One commercial we shot with him eventually aired during the Super Bowl. We were one of the “most liked” commercials by USA Today the next day. Imagine – among Superbowl ads filled with tortilla chips, beer and scantily-clad women, a heartfelt story of a husband who lost his wife through smoking was one of the most liked. The commercial was him telling his story straight to the camera. We had gotten a conversation that most people didn’t even want to talk about into the mainstream.
In another commercial, done by others working on the same goal, we talked to the original Marlboro Men. The ones who, by that time, were dying of lung cancer. One agreed to sing through his tracheotomy hole. Had he done something destructive by helping sell all those cigarettes? Had he hurt people by becoming an American Icon for cigarette smokers? No doubt. No doubt. He certainly thought so. Did that stop him from talking about the harm cigarettes caused? Not even through a trach hole.
Rates of smoking in the state declined by 9% over the time I was involved – Massachusetts was the state with the second biggest decline out of the 50 states.
We didn’t talk less about smoking. We talked more. We allowed people who were harming themselves and others to tell their stories.
Drunk driving is a behavior that seems like it would be easy to change because of the potentially horrific consequences — you drive drunk, you might go out and kill someone, including yourself. On the other hand, it’s a stubborn behavior because people have the best of intentions – “I’m not going to drive drunk, I’m only going to have 2 or 3 drinks, I can handle it.” There’s active denial, especially among people who abuse alcohol, the idea that “this time it’s going to be different.”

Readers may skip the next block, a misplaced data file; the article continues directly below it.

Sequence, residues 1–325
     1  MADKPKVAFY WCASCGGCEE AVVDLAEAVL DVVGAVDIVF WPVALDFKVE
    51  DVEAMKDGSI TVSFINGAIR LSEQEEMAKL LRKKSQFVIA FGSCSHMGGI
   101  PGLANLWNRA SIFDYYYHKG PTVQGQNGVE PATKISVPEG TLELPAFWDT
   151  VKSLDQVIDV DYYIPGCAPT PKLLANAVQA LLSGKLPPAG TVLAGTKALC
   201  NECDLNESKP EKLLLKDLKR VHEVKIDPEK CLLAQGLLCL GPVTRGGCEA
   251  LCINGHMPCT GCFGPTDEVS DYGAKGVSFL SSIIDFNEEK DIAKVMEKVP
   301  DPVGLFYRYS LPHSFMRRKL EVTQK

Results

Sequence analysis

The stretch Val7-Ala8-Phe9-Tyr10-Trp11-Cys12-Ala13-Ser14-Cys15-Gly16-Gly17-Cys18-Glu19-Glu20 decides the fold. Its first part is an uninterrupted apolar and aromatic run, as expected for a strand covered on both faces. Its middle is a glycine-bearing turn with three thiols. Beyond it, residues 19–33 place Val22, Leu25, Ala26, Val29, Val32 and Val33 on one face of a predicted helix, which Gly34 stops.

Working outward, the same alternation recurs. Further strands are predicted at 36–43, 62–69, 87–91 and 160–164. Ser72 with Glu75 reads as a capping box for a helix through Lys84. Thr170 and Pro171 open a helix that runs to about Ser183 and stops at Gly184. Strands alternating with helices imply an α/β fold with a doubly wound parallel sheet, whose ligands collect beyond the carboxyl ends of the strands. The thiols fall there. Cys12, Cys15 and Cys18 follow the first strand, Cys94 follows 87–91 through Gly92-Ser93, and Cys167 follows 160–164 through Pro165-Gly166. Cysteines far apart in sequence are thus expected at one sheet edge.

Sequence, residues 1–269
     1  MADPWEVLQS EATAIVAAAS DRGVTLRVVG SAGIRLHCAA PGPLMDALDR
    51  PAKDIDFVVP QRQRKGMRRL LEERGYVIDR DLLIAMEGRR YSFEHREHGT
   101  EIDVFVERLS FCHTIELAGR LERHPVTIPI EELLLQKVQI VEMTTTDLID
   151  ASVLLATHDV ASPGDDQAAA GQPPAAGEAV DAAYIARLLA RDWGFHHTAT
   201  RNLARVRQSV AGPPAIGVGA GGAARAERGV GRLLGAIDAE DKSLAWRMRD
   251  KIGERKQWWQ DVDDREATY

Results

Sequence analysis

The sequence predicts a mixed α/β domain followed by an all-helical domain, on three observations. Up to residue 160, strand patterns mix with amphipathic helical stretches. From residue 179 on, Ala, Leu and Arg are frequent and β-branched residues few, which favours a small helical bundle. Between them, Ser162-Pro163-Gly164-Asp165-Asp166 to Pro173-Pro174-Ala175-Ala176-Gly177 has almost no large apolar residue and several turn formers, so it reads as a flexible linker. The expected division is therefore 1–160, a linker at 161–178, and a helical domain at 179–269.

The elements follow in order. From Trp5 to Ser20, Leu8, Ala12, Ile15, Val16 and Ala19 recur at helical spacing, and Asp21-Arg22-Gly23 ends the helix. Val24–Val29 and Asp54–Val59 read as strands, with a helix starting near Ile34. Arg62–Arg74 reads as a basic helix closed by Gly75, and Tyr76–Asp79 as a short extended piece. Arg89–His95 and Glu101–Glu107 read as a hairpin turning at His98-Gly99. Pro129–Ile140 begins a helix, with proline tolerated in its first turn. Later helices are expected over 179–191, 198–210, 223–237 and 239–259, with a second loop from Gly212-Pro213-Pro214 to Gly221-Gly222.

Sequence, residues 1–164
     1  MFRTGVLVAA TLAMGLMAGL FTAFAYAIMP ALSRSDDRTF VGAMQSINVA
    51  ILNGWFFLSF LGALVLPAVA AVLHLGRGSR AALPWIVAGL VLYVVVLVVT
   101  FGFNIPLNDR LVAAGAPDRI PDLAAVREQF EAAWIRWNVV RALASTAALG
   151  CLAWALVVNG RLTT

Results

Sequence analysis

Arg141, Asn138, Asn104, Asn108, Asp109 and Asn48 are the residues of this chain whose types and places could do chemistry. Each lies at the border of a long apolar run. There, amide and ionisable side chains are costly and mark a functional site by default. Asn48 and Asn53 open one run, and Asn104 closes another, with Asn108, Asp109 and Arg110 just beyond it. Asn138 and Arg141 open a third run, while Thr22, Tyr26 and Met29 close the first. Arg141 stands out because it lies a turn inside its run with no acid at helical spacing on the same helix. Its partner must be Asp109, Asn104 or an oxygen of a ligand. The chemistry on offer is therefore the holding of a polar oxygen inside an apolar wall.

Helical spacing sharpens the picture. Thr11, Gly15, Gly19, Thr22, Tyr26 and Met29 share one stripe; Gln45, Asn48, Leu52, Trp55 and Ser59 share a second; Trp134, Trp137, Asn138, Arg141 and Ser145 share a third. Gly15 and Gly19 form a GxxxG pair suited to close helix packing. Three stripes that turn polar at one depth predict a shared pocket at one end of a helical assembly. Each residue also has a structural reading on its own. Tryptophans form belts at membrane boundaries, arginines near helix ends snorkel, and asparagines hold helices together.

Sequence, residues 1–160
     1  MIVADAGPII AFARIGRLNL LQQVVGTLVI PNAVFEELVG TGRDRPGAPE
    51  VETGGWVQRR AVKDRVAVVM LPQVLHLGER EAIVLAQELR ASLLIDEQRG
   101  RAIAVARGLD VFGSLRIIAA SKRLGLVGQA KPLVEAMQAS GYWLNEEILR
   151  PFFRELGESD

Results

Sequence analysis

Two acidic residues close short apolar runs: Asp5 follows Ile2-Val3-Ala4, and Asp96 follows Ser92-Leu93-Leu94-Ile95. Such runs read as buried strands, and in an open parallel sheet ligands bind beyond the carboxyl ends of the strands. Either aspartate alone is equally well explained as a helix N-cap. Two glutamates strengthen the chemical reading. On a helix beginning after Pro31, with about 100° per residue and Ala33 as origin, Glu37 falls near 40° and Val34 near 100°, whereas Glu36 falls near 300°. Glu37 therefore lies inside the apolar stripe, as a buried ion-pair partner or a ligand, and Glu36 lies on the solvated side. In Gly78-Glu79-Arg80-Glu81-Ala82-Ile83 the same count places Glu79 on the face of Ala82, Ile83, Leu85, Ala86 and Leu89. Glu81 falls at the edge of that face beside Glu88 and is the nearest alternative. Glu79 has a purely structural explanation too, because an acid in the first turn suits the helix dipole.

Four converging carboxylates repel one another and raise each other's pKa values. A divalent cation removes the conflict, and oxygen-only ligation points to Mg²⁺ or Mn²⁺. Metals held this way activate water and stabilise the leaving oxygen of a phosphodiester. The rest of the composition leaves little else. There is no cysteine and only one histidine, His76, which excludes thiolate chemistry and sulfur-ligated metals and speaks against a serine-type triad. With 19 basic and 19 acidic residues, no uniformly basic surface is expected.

One of the most successful ways that has cut down on drunk driving is to say to people, “Don’t wait until you get to the point where you’ve had two or three drinks. Hand over your keys before you go out drinking, so you don’t get into that place where your judgment has already been impaired and you run the risk of driving drunk even though you didn’t intend to.”
In order to be effective at changing actions, the person has to admit to themselves, “I am a person who might be capable of doing something bad even if my intentions are good.” In order to be effective, that person who might do something bad has to actually talk to someone else and say – “I will be drinking. If I drink, I might do something bad, like get behind the wheel of a car. Please don’t let me do that.”